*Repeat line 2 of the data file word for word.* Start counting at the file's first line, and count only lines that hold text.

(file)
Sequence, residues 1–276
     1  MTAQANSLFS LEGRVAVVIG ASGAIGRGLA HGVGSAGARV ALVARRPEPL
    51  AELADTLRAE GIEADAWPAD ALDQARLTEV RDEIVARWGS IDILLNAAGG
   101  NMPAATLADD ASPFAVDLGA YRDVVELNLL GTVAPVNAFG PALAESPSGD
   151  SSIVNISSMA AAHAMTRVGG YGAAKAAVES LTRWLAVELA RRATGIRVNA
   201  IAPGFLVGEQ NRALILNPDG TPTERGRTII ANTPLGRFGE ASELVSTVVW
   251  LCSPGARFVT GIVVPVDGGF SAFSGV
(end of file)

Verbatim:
     1  MTAQANSLFS LEGRVAVVIG ASGAIGRGLA HGVGSAGARV ALVARRPEPL